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Digital Technology

Digital Technologies and Hangarau Matihiko 

Computational Thinking for Digital Technologies

Students will develop an understanding of computer science principles that underlie all digital technologies. They’ll learn core programming concepts so that they can become creators of digital technology, not just users.

Designing and Developing Digital Outcomes

Learning how to design quality, fit for purpose, digital solutions.

At Churchill Park School students are immersed in a range of opportunities to learn and utilise various digital technologies. This is often integrated into the Inquiry Projects that the whānau are doing.

Digital Technology is taught across the school starting in Year 1 where they learn the basics of block coding using Bee-Bots and Scratch Junior. This is generally done by classroom teachers. As the akonga progress through the school this is developed both within class and from Year 4 they attended specialist lessons. They move onto full Scratch, Minecraft, M-Bots and Ed-Bots, iMovie, Garageband and many more.


In 2018 Digital Technology became part of the New Zealand Curriculum for Schools.  Students must be able to create code for games and robots as part of their achievement objectives. 

These are samples of incorporating what students have been learning in Te Reo Maori across the school into interactive learning games. Year 6 students have done them as part of their Rotations on Tuesdays. They have developed interactive learning games for our Year 1-3 akongā.

Click on the green flag to test your knowledge of Te Reo

You can click on the link below to see a selection of these and the design brief that inspired them.

Year 4 & 5 Coding

When students move into the Waitematā whānau the akonga are introduced to Scratch and learn the next level of coding. Learning that a series of commands in the correct order is required to achieve the desired outcome. Using less code can be used to achieve the same result. They have already been introduced to the basic concepts of coding in years 1-3 using Bee-Bots and Scratch Junior.

Opposite is a clicker game coded by Emily in Room 8

How you play                                                                                       1: Press the green flag.                                                                       2: 4 balloons move and the rest stay still.                                     3: If you click the pink/yellow balloon you get five points.         4: If you hit the purple, blue or purple/pink balloons, you get        one point.                                                                                         5: If you click the ones that stay still you get no points.             6: When you want to stop press the stop button.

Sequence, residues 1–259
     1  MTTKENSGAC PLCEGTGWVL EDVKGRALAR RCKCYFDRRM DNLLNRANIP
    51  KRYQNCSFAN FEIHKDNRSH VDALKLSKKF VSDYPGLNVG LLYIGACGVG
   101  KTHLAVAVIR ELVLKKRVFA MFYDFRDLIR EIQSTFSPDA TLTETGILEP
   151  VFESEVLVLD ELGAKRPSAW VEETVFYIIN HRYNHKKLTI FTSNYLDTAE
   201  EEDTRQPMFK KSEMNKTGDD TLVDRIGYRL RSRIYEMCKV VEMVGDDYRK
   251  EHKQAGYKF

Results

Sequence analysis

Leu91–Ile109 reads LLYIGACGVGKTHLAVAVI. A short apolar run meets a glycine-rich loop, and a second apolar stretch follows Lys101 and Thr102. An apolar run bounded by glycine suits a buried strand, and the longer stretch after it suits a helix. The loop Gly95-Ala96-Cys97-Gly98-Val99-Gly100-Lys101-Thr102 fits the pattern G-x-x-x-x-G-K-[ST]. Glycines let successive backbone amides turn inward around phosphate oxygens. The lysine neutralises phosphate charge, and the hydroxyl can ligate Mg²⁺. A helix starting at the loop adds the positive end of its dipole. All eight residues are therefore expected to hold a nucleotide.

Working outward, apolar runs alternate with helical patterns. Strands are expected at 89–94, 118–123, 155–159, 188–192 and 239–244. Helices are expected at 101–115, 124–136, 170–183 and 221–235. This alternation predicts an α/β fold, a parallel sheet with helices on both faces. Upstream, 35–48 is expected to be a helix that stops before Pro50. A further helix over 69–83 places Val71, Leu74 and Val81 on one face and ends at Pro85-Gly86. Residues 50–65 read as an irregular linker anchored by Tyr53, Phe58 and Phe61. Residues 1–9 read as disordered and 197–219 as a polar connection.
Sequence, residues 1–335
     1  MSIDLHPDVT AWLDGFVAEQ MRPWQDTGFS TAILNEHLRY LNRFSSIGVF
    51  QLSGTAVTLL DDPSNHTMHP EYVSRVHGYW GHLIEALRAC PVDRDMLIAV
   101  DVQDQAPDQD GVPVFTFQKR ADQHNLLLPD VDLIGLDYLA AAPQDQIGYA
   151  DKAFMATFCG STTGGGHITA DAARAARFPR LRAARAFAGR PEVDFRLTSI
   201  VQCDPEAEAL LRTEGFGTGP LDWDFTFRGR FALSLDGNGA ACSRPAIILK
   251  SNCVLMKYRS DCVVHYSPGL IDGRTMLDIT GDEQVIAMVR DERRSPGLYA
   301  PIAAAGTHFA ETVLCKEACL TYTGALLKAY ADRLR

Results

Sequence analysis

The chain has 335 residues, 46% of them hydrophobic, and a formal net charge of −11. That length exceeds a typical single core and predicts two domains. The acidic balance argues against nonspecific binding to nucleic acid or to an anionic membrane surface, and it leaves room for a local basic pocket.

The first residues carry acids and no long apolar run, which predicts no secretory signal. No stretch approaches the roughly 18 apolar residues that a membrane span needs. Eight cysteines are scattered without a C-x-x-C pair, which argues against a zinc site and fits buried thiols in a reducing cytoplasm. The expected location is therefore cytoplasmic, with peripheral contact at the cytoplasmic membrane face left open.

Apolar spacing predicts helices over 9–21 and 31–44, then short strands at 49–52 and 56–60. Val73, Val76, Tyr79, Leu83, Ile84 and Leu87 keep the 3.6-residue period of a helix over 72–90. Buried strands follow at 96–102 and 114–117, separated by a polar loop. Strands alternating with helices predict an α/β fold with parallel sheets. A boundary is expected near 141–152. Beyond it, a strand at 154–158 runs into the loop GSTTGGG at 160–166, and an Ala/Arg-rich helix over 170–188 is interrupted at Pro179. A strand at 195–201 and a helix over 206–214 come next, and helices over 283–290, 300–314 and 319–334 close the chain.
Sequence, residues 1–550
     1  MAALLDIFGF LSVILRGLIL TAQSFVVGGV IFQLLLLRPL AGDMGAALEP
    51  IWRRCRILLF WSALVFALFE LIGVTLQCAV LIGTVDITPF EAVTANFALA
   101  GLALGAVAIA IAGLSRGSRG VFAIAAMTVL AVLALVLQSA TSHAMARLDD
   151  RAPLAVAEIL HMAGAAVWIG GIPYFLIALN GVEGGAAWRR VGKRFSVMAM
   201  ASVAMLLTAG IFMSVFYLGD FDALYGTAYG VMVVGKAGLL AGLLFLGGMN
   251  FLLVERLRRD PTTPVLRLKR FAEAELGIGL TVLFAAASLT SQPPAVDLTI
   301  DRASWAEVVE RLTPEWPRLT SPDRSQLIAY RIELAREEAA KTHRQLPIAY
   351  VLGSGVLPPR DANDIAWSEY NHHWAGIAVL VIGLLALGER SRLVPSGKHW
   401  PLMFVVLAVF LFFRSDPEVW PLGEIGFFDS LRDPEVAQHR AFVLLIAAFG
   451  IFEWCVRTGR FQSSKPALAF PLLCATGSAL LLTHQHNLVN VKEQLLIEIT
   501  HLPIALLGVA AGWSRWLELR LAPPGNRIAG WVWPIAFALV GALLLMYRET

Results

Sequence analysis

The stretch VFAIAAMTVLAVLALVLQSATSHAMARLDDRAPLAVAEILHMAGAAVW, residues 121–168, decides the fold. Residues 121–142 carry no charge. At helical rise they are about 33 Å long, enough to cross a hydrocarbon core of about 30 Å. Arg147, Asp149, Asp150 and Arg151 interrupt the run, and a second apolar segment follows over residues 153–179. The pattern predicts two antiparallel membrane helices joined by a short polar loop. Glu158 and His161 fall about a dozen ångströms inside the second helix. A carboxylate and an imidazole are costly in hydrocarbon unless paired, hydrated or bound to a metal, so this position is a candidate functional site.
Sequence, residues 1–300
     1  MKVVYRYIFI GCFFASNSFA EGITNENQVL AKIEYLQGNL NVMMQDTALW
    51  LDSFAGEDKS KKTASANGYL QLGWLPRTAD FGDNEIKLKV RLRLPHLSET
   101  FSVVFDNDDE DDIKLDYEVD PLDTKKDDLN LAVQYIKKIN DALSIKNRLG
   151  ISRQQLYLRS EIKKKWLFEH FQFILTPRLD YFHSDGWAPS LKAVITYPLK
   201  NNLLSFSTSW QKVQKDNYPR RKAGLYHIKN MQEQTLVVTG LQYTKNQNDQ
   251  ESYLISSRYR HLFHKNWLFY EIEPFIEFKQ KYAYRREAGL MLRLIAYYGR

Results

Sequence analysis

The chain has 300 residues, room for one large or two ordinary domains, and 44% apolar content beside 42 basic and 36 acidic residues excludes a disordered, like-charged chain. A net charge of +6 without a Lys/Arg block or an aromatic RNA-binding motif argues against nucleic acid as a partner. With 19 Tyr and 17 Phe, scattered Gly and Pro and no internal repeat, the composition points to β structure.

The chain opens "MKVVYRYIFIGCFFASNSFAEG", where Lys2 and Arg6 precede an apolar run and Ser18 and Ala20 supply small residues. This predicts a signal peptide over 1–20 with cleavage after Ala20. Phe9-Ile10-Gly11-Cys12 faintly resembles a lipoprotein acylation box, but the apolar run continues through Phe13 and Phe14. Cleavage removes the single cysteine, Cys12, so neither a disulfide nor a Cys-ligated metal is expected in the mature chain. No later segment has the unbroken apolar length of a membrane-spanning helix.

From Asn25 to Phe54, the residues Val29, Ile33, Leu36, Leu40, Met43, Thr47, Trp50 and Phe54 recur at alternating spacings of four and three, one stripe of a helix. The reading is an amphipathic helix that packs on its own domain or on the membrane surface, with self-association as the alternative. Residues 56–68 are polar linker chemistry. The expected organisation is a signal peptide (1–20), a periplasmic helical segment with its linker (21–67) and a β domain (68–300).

Students are also exposed to various animation design tools on iPads and Laptops. They create stop animation and 2D animation like the Welcome to CPS video here.

This allows students who have an artistic flair to use digital technology to present their ideas in a different format. It is a precise, detailed process. But as you can see in the video opposite and below it is a highly effective tool.

Recording Studio

We have a fully equipped studio for rehearsing and doing multi-track recordings. Students can create professionally sounding music utilising Garageband. Either recording all the tracks themselves, downloading and utilising backing tracks or using Garageband Loops. 

Already ex-students have gone to further their recording careers like Coast Arcade who are currently charting in NZ.

Opposite is an original rap/song written and recorded by Remy Ward in Year 6 with vocals added by Taylor Hardisty. This a great example of the studios potential.

Green Screen Video

Students explore ways in which to incorporate green screen techniques into their creative video making. Enhancing their creative ventures into acting, dance and film making.

It is used as part of the Weekly Kids News Videos for assemblies.

3D Design

Students can create 3D designs using Tnker-Cad. These examples were part of an integrated programme done in the Rangitoto Whānau as part of a Math Inquiry. 

Their brief was: You are an experienced landscape architect, and a local community organization has commissioned you to design an advanced garden for a public park in your neighbourhood. This garden should not only attract pollinators but also serve as an educational space for visitors. Your task is to create a comprehensive garden design that includes various elements and requires the application of advanced algebraic skills to manage the project effectively.

Once they had designed their model they then created them physically using materials such as corflute and cardboard.

Minecraft Education Edition is another digital tool that involves collaboratively building 3D designs in a simulated world. These are often linked to inquiry projects or even the learning of Te Reo Māori


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